Running Time: 103 mins.

All content originally published and the reproduction elsewhere without the expressed written consent of the blog owner is prohibited.

Photo credits: http://www.imdb.com; http://www.theshoptrailers.com

The Dawn Wall

Release: Friday, September 14, 2018 (limited)

→Netflix

Directed by: Josh Lowell; Peter Mortimer

Generally speaking, if you want climbing films done right, you turn to the Lowell brothers. In 1997 Josh and Brett Lowell co-founded Big UP Productions, and over the last two decades have documented some of the most stunning climbing achievements across the globe, even earning a Sports Emmy for outstanding camerawork. Their latest is The Dawn Wall, which follows big wall climber Tommy Caldwell on a seven-year quest to conquer a previously unclimbed section of the famous El Capitan.

2018 was a great year for climbing documentaries (and for Yosemite Valley, apparently), with The Dawn Wall being the first of two such films to get a theatrical roll-out. It predated the Oscar-winning Free Solo by a mere three months, and while it did not receive the same amount of fanfare I found The Dawn Wall to be the superior film both in terms of the story it tells and the climbing action featured.

There is no denying Free Solo deserved the mainstream spotlight. The life-and-death aspect of Alex Honnold’s attempt to climb the 3,000 foot monolith without any protective gear made that film immediately attractive to an audience beyond the climbing community. Along with the gut-wrenchingly obvious consequence of failure came the complicated morality of the undertaking, with the filmmakers actually having to brace for the potential reality of capturing a death on camera while going to lengths to ensure they wouldn’t be a distraction to Honnold during the ascent. (For the record, Free Solo hasn’t changed my opinion on free soloing — it still seems to me to transcend the realm of reasonable risk-taking. I did however appreciate that the filmmakers included multiple perspectives on the matter and how clear it was to see the strain this endeavor put on the camera crew and others.)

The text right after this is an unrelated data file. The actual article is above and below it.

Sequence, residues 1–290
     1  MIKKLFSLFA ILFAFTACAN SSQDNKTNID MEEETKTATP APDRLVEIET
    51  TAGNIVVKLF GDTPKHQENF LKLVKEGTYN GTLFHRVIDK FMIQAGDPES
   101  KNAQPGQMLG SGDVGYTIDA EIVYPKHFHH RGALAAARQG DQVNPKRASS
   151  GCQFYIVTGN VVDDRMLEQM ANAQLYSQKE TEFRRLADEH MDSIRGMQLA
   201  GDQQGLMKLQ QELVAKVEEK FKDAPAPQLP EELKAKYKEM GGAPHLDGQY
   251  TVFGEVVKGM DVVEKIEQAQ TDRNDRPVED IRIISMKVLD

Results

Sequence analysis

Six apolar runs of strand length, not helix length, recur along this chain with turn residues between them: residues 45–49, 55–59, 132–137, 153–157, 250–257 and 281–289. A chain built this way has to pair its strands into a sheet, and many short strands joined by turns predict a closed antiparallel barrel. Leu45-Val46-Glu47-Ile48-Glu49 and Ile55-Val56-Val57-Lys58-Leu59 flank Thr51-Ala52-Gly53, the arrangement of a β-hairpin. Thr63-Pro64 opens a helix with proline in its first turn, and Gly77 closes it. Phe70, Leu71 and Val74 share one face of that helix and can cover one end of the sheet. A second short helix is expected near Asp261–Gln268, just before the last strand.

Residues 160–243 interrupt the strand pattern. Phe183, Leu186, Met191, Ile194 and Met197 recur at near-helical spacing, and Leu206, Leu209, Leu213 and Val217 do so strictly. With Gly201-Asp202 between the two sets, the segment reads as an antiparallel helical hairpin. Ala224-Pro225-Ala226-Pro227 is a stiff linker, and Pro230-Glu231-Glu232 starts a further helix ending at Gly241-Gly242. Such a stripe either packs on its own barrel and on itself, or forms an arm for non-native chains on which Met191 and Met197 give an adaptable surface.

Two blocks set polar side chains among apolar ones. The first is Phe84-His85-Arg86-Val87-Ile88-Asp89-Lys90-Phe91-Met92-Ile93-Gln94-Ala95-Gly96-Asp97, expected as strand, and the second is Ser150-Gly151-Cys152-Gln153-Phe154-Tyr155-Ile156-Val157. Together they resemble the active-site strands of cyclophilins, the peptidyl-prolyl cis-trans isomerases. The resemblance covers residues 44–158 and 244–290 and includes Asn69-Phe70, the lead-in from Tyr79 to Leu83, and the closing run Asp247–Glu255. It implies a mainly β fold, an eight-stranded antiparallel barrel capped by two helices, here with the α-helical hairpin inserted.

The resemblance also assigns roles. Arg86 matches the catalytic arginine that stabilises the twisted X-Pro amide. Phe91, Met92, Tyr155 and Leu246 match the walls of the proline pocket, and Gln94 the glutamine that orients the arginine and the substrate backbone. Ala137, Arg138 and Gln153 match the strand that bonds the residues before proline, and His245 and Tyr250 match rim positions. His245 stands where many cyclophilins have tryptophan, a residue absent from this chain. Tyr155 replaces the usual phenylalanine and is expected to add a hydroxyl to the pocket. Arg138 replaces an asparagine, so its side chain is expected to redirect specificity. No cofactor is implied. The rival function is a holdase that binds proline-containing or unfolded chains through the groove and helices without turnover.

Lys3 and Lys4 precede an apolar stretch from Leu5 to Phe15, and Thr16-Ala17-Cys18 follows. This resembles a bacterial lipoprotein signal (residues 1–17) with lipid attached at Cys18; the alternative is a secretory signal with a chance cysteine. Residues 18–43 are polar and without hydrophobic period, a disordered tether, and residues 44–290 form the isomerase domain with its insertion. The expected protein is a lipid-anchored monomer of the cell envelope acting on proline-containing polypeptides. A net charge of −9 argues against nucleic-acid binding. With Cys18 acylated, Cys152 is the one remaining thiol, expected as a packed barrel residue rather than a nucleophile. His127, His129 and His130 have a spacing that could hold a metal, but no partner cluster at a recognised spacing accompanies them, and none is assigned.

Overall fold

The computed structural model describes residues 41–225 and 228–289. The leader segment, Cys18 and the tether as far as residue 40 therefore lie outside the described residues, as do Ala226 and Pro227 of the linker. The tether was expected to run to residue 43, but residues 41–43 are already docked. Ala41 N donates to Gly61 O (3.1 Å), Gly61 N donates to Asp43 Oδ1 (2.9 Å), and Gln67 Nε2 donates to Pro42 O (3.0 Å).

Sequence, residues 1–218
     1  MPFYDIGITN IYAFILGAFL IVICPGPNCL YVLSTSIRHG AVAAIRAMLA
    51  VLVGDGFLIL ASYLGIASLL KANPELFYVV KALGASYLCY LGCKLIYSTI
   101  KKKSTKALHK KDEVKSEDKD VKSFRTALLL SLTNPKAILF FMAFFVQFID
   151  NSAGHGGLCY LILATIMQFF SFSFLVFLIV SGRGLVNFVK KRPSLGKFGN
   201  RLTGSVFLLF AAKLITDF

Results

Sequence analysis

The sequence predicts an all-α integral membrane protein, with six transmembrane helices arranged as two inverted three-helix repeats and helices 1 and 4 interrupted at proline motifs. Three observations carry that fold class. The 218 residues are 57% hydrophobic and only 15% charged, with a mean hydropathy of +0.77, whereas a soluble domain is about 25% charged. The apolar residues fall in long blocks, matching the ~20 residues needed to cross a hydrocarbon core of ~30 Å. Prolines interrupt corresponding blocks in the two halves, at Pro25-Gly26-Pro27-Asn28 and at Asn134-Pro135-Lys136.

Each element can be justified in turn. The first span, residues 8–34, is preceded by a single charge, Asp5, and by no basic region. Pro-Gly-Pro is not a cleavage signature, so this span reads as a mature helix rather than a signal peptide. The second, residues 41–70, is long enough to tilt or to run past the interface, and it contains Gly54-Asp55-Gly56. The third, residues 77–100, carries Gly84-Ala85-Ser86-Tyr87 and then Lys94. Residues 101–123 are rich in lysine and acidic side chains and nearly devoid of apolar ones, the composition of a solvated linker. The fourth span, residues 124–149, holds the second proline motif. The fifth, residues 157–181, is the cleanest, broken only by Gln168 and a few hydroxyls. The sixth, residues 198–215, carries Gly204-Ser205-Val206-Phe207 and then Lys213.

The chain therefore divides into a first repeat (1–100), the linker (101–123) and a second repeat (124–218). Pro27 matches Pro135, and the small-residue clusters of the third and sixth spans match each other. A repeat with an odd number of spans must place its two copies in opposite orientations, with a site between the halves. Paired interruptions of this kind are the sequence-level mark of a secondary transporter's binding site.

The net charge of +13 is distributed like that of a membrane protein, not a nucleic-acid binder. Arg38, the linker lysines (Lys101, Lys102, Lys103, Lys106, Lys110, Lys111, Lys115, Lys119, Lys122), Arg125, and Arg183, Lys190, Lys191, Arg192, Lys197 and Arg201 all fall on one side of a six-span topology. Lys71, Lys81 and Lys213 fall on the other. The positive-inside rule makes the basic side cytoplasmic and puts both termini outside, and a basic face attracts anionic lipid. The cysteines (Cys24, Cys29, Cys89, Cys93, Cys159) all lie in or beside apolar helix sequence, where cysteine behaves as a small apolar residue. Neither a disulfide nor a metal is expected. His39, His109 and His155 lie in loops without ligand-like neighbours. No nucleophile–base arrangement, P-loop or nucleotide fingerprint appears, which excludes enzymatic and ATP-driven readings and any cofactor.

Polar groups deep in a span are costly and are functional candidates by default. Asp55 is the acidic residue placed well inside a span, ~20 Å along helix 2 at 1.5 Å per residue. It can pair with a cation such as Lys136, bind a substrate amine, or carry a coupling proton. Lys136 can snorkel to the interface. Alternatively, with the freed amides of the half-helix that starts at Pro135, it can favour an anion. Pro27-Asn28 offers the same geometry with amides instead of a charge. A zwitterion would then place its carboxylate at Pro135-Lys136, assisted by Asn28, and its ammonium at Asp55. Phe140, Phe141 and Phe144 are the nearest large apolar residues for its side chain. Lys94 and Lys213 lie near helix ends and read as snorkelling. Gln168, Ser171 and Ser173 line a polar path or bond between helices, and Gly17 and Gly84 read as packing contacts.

The Dawn Wall, in stark contrast to the loneliness of Honnold’s quest, is this epic buddy adventure that takes place for the most part on the Wall and gets more into the nitty gritty of climbing, whether that’s the technique involved in a tricky section or the broader tactics of big wall climbing. Before it gets into the gory details of the Dawn Wall project, the film takes a step back into the past and builds a profile of its meek-and-mild-mannered subject, tracing his rise from a painfully shy kid (and the son of a gregarious bodybuilder, to boot) to one of the elite climbers in the world, as well getting into debates surrounding nature-versus-nurture and dedication versus obsession.